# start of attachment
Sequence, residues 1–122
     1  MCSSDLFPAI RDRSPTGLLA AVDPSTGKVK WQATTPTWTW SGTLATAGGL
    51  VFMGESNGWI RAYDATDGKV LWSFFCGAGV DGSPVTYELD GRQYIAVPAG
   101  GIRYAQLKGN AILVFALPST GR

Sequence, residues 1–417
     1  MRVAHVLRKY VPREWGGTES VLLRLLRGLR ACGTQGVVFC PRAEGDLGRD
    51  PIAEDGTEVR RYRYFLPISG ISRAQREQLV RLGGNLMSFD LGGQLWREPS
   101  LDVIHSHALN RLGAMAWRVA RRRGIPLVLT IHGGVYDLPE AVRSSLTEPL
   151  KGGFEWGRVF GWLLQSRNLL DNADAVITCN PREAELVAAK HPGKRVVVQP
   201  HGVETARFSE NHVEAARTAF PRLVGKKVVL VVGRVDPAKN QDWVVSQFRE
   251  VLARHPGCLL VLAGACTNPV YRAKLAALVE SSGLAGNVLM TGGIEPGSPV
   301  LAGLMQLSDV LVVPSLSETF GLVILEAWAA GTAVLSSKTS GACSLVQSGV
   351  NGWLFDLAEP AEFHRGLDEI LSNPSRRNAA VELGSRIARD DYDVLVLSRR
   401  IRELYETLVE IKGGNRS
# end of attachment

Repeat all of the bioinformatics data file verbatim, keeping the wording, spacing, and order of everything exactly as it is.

Sequence, residues 1–122
     1  MCSSDLFPAI RDRSPTGLLA AVDPSTGKVK WQATTPTWTW SGTLATAGGL
    51  VFMGESNGWI RAYDATDGKV LWSFFCGAGV DGSPVTYELD GRQYIAVPAG
   101  GIRYAQLKGN AILVFALPST GR

Sequence, residues 1–417
     1  MRVAHVLRKY VPREWGGTES VLLRLLRGLR ACGTQGVVFC PRAEGDLGRD
    51  PIAEDGTEVR RYRYFLPISG ISRAQREQLV RLGGNLMSFD LGGQLWREPS
   101  LDVIHSHALN RLGAMAWRVA RRRGIPLVLT IHGGVYDLPE AVRSSLTEPL
   151  KGGFEWGRVF GWLLQSRNLL DNADAVITCN PREAELVAAK HPGKRVVVQP
   201  HGVETARFSE NHVEAARTAF PRLVGKKVVL VVGRVDPAKN QDWVVSQFRE
   251  VLARHPGCLL VLAGACTNPV YRAKLAALVE SSGLAGNVLM TGGIEPGSPV
   301  LAGLMQLSDV LVVPSLSETF GLVILEAWAA GTAVLSSKTS GACSLVQSGV
   351  NGWLFDLAEP AEFHRGLDEI LSNPSRRNAA VELGSRIARD DYDVLVLSRR
   401  IRELYETLVE IKGGNRS